There are all kinds of terms that are part of the property purchasing landscape. For those who are new to the market, learning the lingo is a crucial part of understanding contracts, deal terms, and making decisions in the heat of a rapidly moving market.
Before you set out to pick up a new property, it pays to know the ins and outs of what may face you in a purchase contract. This is also the case if you’re selling a property, as a buyer may propose terms that can make or break outcomes depending on a wide range of factors.
One of the most controversial clauses in a sale contract is the sunset clause. This comes with inherent risks, so it’s important that you’re familiar with what it is, how it works, and how it may benefit you.
A sunset clause is a statement that places a time limit on the validity of a contract. It outlines that if the settlement hasn’t occurred by the end date within the clause, then both parties are legally able to walk away from the contract, with the buyer receiving their deposit back in full if it’s invoked.
There are commonly two situations when a sunset clause is used. The first is in off-the-plan property exchanges when this is routinely used to stipulate a date by which the developer must finish the project. It also details that if the property isn’t finished by that date, the buyer is legally entitled to walk away from the contract without losing a single dollar from their deposit.
Developers often protect themselves by extending the required timeframe in their contracts, creating a natural allowance for delays that may result from a gap in their funding, industrial action or unfriendly weather. However, the use of the sunset clause still gives buyers peace of mind that their off-the-plan purchase does have an end date attached, one way or another.
The other scenario where a sunset clause is used is when a buyer purchases property within a contract that’s conditional on the sale of their current home. If a buyer proposes this to a seller, the seller has the choice to add in a sunset clause. This gives the seller the option to pull out of the contract if the buyer hasn’t sold their current home within the associated timeframe. Here, the sunset clause protects the seller, giving them a manageable timeline to risk being out of the market and the option to return to it if the buyer’s unable to secure a sale.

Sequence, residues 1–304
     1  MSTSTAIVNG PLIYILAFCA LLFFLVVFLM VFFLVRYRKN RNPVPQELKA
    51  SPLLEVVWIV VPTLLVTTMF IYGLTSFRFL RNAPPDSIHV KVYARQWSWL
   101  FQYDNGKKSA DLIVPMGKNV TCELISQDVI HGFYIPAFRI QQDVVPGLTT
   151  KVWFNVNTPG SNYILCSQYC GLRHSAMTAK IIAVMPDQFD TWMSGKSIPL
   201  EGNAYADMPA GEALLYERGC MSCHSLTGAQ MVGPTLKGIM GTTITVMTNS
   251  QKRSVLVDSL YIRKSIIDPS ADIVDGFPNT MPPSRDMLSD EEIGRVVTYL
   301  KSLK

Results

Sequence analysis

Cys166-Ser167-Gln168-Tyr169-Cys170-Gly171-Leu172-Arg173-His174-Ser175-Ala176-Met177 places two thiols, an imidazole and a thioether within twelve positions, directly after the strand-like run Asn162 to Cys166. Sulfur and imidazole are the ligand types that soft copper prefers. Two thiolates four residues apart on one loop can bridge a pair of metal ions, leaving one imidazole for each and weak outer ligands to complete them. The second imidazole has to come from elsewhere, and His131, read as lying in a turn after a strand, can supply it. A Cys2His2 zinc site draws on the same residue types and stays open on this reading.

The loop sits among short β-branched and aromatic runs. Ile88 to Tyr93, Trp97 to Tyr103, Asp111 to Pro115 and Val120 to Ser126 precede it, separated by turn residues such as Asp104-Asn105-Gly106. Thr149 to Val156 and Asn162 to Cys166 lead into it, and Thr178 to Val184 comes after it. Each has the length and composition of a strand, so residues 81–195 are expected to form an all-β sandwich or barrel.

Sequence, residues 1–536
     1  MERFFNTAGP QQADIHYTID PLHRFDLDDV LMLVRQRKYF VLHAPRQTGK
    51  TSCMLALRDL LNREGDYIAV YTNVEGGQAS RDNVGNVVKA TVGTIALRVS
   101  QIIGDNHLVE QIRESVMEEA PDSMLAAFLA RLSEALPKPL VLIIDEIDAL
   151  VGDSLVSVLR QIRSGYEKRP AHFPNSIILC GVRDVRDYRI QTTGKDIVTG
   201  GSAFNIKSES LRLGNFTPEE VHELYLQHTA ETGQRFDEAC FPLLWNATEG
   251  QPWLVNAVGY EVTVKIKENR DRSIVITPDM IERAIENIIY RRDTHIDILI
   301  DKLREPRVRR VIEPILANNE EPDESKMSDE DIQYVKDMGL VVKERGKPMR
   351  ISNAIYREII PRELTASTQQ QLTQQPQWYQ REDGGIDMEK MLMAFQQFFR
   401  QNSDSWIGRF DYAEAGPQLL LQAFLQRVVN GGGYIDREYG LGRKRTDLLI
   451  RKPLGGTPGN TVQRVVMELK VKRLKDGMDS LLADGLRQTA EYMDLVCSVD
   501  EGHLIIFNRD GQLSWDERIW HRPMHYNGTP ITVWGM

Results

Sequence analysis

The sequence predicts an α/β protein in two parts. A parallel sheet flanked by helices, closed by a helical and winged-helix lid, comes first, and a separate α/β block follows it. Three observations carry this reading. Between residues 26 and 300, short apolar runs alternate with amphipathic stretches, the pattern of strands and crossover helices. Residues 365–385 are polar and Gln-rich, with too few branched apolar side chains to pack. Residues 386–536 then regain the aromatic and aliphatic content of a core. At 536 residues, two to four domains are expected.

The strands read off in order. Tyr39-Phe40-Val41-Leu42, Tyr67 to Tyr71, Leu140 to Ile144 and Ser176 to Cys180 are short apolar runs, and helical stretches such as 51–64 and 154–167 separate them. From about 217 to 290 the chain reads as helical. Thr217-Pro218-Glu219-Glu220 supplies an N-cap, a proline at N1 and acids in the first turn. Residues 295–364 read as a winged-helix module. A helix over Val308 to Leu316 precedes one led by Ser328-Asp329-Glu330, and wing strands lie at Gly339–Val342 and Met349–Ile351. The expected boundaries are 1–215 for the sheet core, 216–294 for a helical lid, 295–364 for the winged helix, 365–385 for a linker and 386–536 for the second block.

You may have seen numerous headlines over recent years detailing incidents where developers have knowingly run over the time constraints of the sunset clause, allowing them to then resell the property for a higher price within a booming market.
This can be risky for buyers. Although they get their deposit back, they’re then in need of another property, potentially buying within a market that’s had dramatic price changes since their initial purchase. This can lead to buyers being priced out of the market, particularly as some off-the-plan purchases can take years to reach settlement.
A crackdown on this practice was introduced by the NSW Government in 2015, which announced that new legislation would be passed that forced developers to secure written consent from either the buyer or the Supreme Court if they intended to terminate the contract due to project delays. This was also taken up by the Victorian Government in 2018, protecting Victorian residents from developer exploitation through intentional delays.
Despite the bad publicity, sunset clauses aren’t always negative things. They can be used in your favour. As long as the finer details are working for you and not just for your developer, the sunset clause is something you can make use of if deadlines are missed.
You can avoid running into problems with your developer by completing a due diligence process before signing a contract of sale. You’re able to request proof of past projects they’ve completed and contact details of individuals who have previously bought off-the-plan apartments from them. A quick Google search can also reveal any negative press coverage that may detail shady, developer-benefitting decisions via sunset clause abuses.
Use this information to build your understanding of the credibility of the developer. If all is in order once you’ve completed this process, take a look then at the building you’re looking to buy in. Is construction already underway? Is it running on schedule? Has it received the necessary permits and building approvals? As these can be time-heavy processes, if the project doesn’t already have these items in place, this may be an apartment to skip out on.
The size and progress of the build can then be compared with past projects as a way to measure how long the project may take. Many projects take up to three years to build, so having an understanding of where the project is on its pathway to completion is key in negotiating a fair sunset clause. Ask your developer for further information as to how progress has gone to date against their proposed timelines.
There’s a reason people find purchasing property to be stressful! While there are many ways you can prepare yourself to minimise this stress, it’s helpful to remember that this is a big investment. Taking your time, preparing your strategy and informing your decisions with genuine research can make a world of difference to your overall experience.
If you’re planning on signing a purchase or sale contract with a sunset clause, it’s important to do your research. Take a look at the developer, investigate their track record, and ask for referrals from previous buyers. This process means that even if delays do arise, you have the benefit of peace of mind, guiding you as you make your way towards that final moment when you open your new front door for the first time.